Christmas in Québec: the Réveillon

Christmas in Québec: the Réveillon

by Great British Chefs 16 November 2016

We’re no strangers to feasting through Christmas, but in French-speaking Canadian region of Québec Christmas Eve is a day when the meal to end all meals is served. Discover the banquet of the Réveillon and realise you’ve been celebrating the festive period all wrong.

Great British Chefs is a team of passionate food lovers dedicated to bringing you the latest food stories, news and reviews.

Great British Chefs is a team of passionate food lovers dedicated to bringing you the latest food stories, news and reviews.

Figgy pudding, brandy butter, too many roast potatoes – Christmas dinner always leaves us reaching for the nearest digestif and snoozing in front of the TV afterwards. All over the world, overindulgence and celebratory dinners are par for the course during Christmas, and it’s when we spend more money on food and drink than any other time of the year. However, if you think the UK holds the number one spot for festive feasting, think again – the French-speaking areas of Canada have been banqueting on Christmas Eve for the past two hundred years, and the heady combination of both quantity and quality means it’s a dinner to remember.

This custom is known as the Réveillon, and has its origins in the nineteenth century – although back then the meal only consisted of a few biscuits and perhaps a piece of tourtière (a Canadian minced meat pie). But as food became less scarce and more families could afford it, the custom grew and grew into an incredible lavish feast. Today it is still enjoyed after midnight mass by a select few, but most tend to tuck in around dinnertime so they can enjoy Christmas Day as well.

It used to start after midnight mass and last until Christmas morning, until the children would come down to open their presents (the parents presumably would spend most of Christmas Day asleep!). The tradition fell out of favour towards the beginning of the twentieth century and became a custom only found in devout Catholic homes, but resurfaced in the 1990s when restaurants started serving Réveillon dinners at a more sociable time. Today, it’s celebrated at home once more, with the same core rule at its heart: the table must be adorned with the most luxurious food and drink the family can afford.

Tourtière is the most iconic dish at the Réveillon, and for many French-Canadians it isn't Christmas without one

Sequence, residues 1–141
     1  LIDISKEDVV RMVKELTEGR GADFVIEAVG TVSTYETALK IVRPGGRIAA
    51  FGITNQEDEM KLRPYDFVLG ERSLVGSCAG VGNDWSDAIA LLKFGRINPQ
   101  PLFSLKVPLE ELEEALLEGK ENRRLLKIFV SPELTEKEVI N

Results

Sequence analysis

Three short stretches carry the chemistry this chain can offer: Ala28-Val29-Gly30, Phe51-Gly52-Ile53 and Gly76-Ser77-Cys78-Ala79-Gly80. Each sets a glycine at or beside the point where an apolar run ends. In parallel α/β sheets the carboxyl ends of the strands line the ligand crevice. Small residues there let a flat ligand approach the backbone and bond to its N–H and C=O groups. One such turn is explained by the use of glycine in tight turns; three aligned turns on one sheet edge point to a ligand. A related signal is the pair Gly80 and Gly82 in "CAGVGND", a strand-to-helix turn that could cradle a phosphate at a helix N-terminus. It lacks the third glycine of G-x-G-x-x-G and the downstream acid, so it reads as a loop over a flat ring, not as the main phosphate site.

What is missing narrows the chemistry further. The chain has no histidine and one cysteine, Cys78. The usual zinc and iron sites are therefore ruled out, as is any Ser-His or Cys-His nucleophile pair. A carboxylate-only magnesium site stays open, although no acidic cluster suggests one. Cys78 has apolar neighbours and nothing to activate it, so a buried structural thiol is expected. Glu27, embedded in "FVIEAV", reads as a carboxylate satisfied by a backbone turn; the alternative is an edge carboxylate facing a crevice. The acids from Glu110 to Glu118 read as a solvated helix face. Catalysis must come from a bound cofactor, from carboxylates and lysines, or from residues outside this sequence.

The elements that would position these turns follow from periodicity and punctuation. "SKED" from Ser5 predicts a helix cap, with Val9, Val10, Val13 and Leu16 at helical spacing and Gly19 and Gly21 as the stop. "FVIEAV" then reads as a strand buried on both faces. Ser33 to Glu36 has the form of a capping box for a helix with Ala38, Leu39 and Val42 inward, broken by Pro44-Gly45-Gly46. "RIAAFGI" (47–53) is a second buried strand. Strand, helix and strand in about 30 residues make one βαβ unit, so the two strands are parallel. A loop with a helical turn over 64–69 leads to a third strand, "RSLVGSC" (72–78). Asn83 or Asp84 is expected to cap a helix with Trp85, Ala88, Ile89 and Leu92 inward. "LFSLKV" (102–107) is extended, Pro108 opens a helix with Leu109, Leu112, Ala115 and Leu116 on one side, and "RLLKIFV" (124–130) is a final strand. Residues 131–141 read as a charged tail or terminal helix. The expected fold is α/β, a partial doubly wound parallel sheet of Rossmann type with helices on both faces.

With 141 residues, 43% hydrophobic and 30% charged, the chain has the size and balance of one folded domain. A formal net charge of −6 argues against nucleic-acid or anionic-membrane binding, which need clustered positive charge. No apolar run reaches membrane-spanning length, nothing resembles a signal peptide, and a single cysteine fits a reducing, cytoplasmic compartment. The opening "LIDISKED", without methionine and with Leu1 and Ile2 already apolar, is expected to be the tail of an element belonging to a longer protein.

In recent years, the feasting table has become adorned with other luxurious foods such as Nova Scotian lobster and scallops

Traditionally, families would begin preparing dishes for Réveillon from the middle of November, ensuring there was plenty to tuck into come Christmas Eve. This was because at the first sign of cold weather in Canada, animals would be butchered into all sorts of cuts and either frozen in the snow or preserved. It made sense to prepare what was needed for the biggest meal of the year in advance, which is why so many Réveillon delicacies include black pudding, pâtés and meat pies.

The modern incarnation of the Révellion is still true to its roots, but there are all sorts of new dishes on the average dining table. Tourtières and meat-heavy dishes are still common, but now shellfish like Nova Scotian lobster and scallops sit alongside them. For dessert, the simple yet delicious Tarte au sucre is a must, comprised of a simple pie crust filled with brown sugar, cream and perhaps some chopped nuts, but it’s the Bûche de Nöel that really finishes off the night. Shaped like a yule log and not too dissimilar from a Swiss roll, this cake is decorated like a log and adorned with all sorts of wonderful festive decorations.

Quebec City
The old town in Québec City is full of restaurants offering a Réveillon feast
Tarte au sucre
Tarte au sucre is an incredibly simple recipe, but particularly popular with children on Christmas Eve

Despite all this incredible food on offer, it’s not what’s on the dinner table that has kept the Christmas tradition of the Réveillon alive over the centuries. It’s a time for family to get together in a world where they see each other less and less, let the younger children open a few smaller presents to quell their excitement for the day ahead, and perhaps indulge in a little fireside singing as the wine flows freely. The fantastic array of dishes on offer is, unbelievably, just the icing on the cake.

Eating out for the Réveillon

While most Canadians will swear their mother's tourtière is the best in the world, some families are more than happy to let someone else do all the hard work and go to a traditional restaurant. Here are some of the best in Québec City.

Restaurant Aux Anciens Canadiens is often cited as serving the best tourtière and tarte au sucre in the province, and hosts a grand Réveillon celebration every year.

Le Château Frontenac is a grand hotel steeped in Canadian history, and its Réveillon celebrations will transport you back to the nineteenth century.

Hôtel Le Concorde is right in the middle of downtown Québec, and its revolving restaurant Le Ciel rewards diners with panoramic views of the city.